Increasing Access to Mental Health ServicesUS Health and Human Services Secretary Kathleen Sibelius April 9, 2013
America has come a long way in talking about mental health, yet we are still a country that too often confines mental health and addiction to the far edges of our discourse. We cannot ignore the fact that 60 percent of people with mental health conditions and nearly 90 percent of people with substance use disorders don't receive the care they need. That is why the Affordable Care Act is so important to mental health. The health care law, along with previous parity legislation, will expand mental health and substance use disorder benefits and parity protections for 62 million Americans.
To continue these efforts, President Obama announced key steps earlier this year to make it easier for individuals struggling with mental health problems to get the help they need. Tomorrow, the President's Budget will deliver on these commitments. The President's Fiscal Year 2014 Budget includes a critical $205 million investment in programs to help identify mental health concerns early, improve access to mental health services and support safer school environments. And, it invests $30 million in tools and research that will expand our understanding of gun violence prevention, including key mental health issues.
The budget supports initiatives to help teachers and other adults identify early signs of mental health problems and refer young people to services they may need, and to advance new state-based strategies to prevent young people ages 16 to 25 with mental health or substance abuse problems from falling through the cracks when they leave home. The budget will help 8,000 schools implement evidence-based behavioral practices to improve school climate and behavioral outcomes for all students. The budget invests in training more than 5,000 mental health professionals such as master's level social workers and psychologists. Together with doctorate-level psychiatrists, family practitioners, and other health care providers, these providers play a critically important role in serving our youth with mental health problems. The budget also invests in public health research on gun violence prevention and an expansion of our public health data on homicides and suicides to help inform prevention strategies.
The President's budget builds on the historic advances we have made to close the gaps that left too many Americans with behavioral health problems uninsured and underinsured. Beginning in 2014, the Affordable Care Act will provide access to quality health care that includes coverage for mental health and substance use disorder services. All new small group and individual private market plans will be required to cover mental health and substance use disorder services as part of the health care law's Essential Health Benefits categories, and behavioral health benefits will be covered at parity with medical and surgical benefits. Also in 2014, insurers will no longer be able to deny anyone coverage because of a pre-existing behavioral health condition. The Affordable Care Act has already ensured that new health plans cover recommended preventive benefits without cost sharing, including depression screening for adults and adolescents and behavioral assessments for children.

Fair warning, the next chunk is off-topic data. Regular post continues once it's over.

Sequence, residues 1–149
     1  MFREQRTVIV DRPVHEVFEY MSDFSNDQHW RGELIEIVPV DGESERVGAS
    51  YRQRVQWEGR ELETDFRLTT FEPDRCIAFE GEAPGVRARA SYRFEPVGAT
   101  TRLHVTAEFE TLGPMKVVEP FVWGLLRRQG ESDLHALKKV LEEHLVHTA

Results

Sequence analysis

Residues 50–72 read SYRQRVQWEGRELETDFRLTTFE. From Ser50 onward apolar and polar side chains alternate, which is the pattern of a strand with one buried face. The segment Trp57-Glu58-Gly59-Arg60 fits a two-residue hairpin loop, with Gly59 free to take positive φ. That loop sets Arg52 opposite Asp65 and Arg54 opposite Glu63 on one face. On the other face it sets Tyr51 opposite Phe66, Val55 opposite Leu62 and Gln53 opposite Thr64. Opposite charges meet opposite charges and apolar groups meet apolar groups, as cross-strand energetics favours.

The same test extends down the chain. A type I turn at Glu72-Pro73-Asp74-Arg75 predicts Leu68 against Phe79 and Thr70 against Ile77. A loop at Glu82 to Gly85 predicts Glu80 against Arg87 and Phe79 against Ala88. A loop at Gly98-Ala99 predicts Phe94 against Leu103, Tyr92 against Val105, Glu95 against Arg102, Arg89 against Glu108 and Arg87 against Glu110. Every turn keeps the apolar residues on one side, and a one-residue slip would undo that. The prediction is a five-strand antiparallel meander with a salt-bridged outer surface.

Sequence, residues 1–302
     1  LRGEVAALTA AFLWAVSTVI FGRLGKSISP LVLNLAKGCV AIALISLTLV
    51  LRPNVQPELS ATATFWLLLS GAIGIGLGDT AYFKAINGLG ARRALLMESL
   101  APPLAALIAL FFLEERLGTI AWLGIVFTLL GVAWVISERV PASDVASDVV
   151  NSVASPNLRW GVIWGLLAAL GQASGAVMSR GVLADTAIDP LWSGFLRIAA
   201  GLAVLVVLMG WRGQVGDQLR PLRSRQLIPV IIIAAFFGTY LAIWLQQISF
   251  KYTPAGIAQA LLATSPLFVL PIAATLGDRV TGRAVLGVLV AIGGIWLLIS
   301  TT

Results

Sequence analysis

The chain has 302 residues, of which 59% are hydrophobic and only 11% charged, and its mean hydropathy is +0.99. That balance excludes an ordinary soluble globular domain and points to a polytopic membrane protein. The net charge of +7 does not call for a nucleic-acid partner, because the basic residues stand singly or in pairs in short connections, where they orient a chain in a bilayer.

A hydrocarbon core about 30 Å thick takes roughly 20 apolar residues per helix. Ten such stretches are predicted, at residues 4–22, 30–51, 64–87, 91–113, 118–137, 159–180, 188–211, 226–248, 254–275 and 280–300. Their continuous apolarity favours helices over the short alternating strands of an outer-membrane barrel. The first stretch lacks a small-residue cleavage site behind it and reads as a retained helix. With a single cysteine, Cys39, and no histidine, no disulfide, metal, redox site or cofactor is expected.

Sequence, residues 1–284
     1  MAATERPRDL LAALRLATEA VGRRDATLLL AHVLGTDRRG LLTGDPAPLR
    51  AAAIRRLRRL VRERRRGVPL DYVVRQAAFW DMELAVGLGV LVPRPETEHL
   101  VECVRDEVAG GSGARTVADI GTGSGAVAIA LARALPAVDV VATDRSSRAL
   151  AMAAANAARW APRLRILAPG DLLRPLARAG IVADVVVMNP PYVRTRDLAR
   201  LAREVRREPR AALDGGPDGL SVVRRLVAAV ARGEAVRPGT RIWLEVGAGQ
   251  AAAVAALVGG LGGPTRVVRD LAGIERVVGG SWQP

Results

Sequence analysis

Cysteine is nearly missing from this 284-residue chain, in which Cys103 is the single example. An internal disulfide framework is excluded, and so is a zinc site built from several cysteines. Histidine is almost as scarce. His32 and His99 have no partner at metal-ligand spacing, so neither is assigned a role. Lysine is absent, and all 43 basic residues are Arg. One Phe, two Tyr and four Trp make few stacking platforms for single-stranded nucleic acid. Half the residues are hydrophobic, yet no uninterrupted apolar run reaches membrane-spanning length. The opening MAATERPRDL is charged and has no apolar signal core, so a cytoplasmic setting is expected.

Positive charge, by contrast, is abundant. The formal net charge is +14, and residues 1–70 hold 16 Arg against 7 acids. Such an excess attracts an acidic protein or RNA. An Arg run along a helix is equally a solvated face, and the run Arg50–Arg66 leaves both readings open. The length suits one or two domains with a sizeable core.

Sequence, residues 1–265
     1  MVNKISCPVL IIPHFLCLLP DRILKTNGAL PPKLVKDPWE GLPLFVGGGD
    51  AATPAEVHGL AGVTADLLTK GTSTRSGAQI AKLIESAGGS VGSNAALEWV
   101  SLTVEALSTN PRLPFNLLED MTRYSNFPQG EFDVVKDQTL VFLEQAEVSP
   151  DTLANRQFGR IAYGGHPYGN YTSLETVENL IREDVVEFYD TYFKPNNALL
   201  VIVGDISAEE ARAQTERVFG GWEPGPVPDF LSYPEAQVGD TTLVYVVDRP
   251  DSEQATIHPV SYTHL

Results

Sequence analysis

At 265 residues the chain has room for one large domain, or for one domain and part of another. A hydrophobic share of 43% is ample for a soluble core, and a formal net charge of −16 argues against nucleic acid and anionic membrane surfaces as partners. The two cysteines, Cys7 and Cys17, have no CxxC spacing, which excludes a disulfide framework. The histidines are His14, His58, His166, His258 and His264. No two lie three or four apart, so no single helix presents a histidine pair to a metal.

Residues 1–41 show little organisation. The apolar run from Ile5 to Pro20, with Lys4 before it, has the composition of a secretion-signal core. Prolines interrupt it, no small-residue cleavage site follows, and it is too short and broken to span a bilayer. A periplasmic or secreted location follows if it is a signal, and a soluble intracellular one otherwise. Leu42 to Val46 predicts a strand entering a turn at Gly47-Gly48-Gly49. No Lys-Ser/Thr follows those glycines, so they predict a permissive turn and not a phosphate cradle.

People will only benefit from the progress we've made if services are available and if those who need help aren't afraid to seek it. That's why the President has asked Secretary of Education Arne Duncan and me to start a national dialogue to increase awareness about mental health and reduce the fear, shame, and misperceptions that too often prevent people from getting the help they need.
All of us - community leaders, advocates, teachers, faith leaders, health providers, parents, neighbors, and friends - have a role to play in spreading the message that it's okay to talk about mental health. We can encourage people to seek help if they are struggling, and we can reach out and assist a struggling friend or loved one in finding help when needed. We can let them know that prevention works, treatment is effective, and people do recover.